Model Train-related Notes Blog -- these are personal notes and musings on the subject of model train control, automation, electronics, or whatever I find interesting. I also have more posts in a blog dedicated to the maintenance of the Randall Museum Model Railroad.

2016-12-01 - IR Sensors

Category Train

To detect trains on the branchline, I experimented with using IR reflective sensors instead of block detectors. These have the advantage that they are inexpensive and can be connected directly to an NCE AIU01 board.

The original idea was to embed the sensors in the track bed. The sensors are fairly small and fit nicely between ties. The one chosen have a detection range of 2-15 mm, which would be ideal to detect when an engine truck passes over the sensor.

The IR reflective sensor used are TCRT5000. The Vishay spec can be found here.

This model is nothing more than 2 separate "LEDs" stuck together in a flimsy small plastic shell. They can be easily removed from the plastic shell and mounted in the track flush with the ties, pointing upwards (technically one LED is an emitter and the other is a receiver so calling it a LED is abusing the term, although it may look like one).

The photodetector on the TCRT5000 varies its current based on the amount of light received. No light, no current; lots of light, more current. The amount of light that bounces and the collector current depends on the distance between the detector and the object. The nominal distance is 2 millimeters and experimentation showed that I could get away with much more.

One of the LED is an emitter and needs to be powered by 5 V and a resistor (to limit and adjust the current). The other side is a phototransistor, NPN type.

How is the IR sensor going to connect to the NCE AIU01?

This is how I use the IR sensors with an Arduino using the internal pull-up and next to it is the AIU input circuitry:


There's a good match here: connecting the IR receiver collector to the 5V/pull-up side of the AIU should do exactly what we want with the AIU input driven low when an IR reflection occurs.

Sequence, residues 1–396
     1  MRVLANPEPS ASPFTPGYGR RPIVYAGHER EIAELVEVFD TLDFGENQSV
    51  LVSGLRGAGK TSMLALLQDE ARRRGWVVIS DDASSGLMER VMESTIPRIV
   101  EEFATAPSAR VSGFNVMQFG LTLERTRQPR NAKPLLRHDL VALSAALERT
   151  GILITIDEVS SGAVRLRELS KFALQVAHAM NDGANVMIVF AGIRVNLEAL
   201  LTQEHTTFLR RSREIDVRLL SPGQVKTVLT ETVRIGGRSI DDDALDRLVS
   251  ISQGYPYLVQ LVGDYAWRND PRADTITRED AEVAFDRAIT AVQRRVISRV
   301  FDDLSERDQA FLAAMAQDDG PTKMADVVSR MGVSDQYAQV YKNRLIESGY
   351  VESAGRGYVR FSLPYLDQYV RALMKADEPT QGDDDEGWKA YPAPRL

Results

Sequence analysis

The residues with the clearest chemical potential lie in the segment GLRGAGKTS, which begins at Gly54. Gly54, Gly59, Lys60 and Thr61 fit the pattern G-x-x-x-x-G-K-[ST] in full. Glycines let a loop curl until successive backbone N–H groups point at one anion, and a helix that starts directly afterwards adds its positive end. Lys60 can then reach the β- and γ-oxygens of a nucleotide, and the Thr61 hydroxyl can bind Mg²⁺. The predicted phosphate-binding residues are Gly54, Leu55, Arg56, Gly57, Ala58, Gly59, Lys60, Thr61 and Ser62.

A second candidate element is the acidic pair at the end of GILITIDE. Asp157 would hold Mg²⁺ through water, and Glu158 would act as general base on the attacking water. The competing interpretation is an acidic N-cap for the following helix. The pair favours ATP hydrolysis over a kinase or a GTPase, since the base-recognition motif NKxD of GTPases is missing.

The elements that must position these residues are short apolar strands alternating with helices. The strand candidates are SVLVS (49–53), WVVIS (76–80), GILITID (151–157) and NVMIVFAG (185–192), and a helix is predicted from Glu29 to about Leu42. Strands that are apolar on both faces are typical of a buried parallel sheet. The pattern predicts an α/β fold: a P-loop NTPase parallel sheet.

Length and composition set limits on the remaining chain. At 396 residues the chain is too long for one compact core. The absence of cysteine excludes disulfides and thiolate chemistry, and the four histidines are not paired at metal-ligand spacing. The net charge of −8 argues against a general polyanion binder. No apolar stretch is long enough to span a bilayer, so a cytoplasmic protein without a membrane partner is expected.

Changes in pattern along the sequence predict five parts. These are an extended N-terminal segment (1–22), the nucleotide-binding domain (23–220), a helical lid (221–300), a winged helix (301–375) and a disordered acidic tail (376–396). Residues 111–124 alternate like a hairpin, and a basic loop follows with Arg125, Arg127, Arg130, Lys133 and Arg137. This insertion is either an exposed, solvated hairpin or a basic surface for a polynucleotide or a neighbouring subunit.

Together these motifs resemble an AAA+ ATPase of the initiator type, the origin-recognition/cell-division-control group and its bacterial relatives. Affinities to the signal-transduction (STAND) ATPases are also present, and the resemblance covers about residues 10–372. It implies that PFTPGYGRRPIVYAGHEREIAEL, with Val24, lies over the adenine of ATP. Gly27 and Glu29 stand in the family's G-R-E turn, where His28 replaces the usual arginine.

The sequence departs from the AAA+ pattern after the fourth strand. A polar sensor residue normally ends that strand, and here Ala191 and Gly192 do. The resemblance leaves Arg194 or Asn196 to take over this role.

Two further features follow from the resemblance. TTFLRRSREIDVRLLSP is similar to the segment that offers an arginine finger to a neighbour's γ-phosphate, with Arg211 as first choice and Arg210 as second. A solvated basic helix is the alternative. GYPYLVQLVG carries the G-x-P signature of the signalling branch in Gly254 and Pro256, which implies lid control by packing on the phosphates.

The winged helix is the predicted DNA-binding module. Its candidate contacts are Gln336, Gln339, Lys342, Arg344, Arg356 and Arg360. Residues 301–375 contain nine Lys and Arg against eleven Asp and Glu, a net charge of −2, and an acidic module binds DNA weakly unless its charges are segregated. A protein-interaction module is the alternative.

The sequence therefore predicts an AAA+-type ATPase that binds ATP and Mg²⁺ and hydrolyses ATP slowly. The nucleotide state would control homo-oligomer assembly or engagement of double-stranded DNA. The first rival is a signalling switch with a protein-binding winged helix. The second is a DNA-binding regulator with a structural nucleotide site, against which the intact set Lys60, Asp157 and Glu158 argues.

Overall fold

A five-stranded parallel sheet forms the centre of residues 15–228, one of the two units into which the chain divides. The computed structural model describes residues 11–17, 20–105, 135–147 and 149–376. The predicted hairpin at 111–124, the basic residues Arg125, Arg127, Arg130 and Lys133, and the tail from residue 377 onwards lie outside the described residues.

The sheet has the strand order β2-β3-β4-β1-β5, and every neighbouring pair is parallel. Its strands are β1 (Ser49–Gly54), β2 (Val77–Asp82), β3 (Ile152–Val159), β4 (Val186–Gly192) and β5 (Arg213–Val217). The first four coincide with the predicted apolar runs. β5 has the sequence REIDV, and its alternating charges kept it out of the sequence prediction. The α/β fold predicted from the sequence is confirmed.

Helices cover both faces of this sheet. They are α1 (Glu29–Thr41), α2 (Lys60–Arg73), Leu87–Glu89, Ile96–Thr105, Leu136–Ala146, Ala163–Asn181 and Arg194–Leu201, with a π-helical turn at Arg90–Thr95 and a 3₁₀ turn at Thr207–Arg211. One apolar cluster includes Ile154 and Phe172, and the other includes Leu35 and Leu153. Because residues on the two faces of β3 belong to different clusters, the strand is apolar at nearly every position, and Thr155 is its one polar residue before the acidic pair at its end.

We need a 5 V source and there again the NCE AIU is a perfect match. It has a 7805 voltage regulator on board that generates 5 V from the cab bus, which we can directly tap into. There is no pin output with that 5 V but it's easy to solder one from the 5 V bus anywhere on the output side of the 7805.


  • As planned, they are easily hidden between ties.
  • Current usage is reasonable enough to tap it from the NCE AIU01's 5V supply.
  • Data sheet indicates that in reflective mode, distance is ideally up to 2-15 mm. That does not seem to be a problem when the reflective surface is a truck or tank, assuming the surface is reflective to IR.

This works with the given issues:

  • Bottom black plastic on engines is not reflective enough.
  • Some gray plastic work, others seem to not be too efficient.
  • One workaround is placing some kind of reflective tape or paint under the engines. Good success using ducting metallic tape under the engine's tank.
  • However they don't trigger long enough. E.g. a strip of 2 inches will trigger for about 1 second as the engine moves, which might not be enough to be detected in time. Too much potential for NCE or JMRI to miss it depending on their own scan timing.
  • The length will depend on the shape of the engine's under body.

Other solutions to try:

  • 2- Run it in "face to face" instead of bouncing mode. Experimental tests show that distance can be around up to 7 cm that way. Sideways, the distance was about 2 cm max.
    • Idea is to have a relay box on the side modified with the emitter pointing to the track. Initial tests show that the receiver would have to be mounted slanted towards the emitter, not straight up and proper alignment is going to be tricky.
    • The sensor will work in "reverse", being on when not occupied and off when occupied.

  • 3- Use multiple emitters mounted between ties to get a more powerful illumination.
    • Will ruin the "stealth" mode, may look bulky.
  • 4- Use another IR sensor with a more powerful emitter.
  • 5- Find an IR flood lamp matching the receiver's bandwidth and place it on top of the layout, pointing down.
    • According to the Vishay specs, "Emitter wavelength: 950 nm" with a daylight blocker on the receiver.
  • 6- Make the signal turn on “longer” for the NCE AIU, either by using some kind of RC circuit or a 555 in single shot mode or some Arduino contraption.

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